After a bleak end to last year, the beginning of the new year has brought some unexpected cheer. Despite geopolitical tensions rising over the past year, the five permanent members of the United Nations Security Council issued a joint statement on preventing nuclear war and avoiding arms races on Monday.
This is a welcome sign that the leaders of the five nuclear-weapon states remain sober-minded of their common bottom line－avoiding nuclear wars and reducing risks of nuclear conflicts－as well as their shared responsibility to safeguard world peace and stability.
The issuing of the statement by the five major powers is of positive significance to the building of stable major-country relations as it will enhance mutual trust, as Chinese Vice-Foreign Minister Ma Zhaoxu told the media on Monday.
As legally recognized nuclear-weapon states under the Nuclear Non-Proliferation Treaty, the five countries should take their joint statement as a new starting point to strengthen coordination and play a positive role in building a world of lasting peace and universal security.
It is particularly good to see the US affirming with the other four countries the importance of preserving and complying with bilateral and multilateral nonproliferation, disarmament and arms control agreements and commitments. Also that it is willing to acknowledge and respect the security interests of other countries. Concerns that it has ignored for far too long. That will help promote constructive dialogue with a view to reducing strategic risks.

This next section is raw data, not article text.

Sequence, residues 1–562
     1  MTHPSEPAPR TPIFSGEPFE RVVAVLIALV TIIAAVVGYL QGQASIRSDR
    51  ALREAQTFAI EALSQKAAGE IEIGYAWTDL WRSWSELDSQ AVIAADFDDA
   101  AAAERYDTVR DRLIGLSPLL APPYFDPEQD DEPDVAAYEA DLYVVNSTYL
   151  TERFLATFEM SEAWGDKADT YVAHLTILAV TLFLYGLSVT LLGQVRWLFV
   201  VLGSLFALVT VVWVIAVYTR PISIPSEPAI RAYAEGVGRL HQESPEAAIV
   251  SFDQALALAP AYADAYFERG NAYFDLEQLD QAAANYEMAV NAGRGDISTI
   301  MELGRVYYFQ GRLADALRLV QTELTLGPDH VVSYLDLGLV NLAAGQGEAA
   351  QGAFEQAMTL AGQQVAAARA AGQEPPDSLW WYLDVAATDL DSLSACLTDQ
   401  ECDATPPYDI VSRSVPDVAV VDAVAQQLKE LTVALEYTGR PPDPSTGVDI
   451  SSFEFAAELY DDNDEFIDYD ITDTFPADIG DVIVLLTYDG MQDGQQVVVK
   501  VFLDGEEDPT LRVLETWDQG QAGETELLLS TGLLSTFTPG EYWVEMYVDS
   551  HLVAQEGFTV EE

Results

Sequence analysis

As one of the most active major countries in nuclear arms control and reduction, China has always upheld the concept that "a nuclear war cannot be won and must never be fought", which was included as the first clause of the statement. And it was China that prompted the other four countries to reaffirm that "none of our nuclear weapons are targeted at each other or at any other State" in the statement, which adds to the practical significance of the statement's assertion that nuclear weapons should serve defensive purposes, deter aggression and prevent war.
Notably, China is the only one of the five countries that has promised no first use of nuclear weapons. If all nuclear-weapon countries, particularly the UK and France both of which are under the US' nuclear protection, make the same promise, the risks of a nuclear war would diminish markedly.
China has always adhered to a self-defensive nuclear strategy and maintains its nuclear force at the minimum level required for national security. This in itself is an important contribution to global strategic stability. China will continue to contribute its wisdom and proposals to global nuclear governance, and is ready to conduct cooperation with all peace-loving countries.
It is to be hoped the five countries will now act on their stated desire to work with all states to create a security environment more conducive to progress on disarmament with the ultimate goal of a world without nuclear weapons.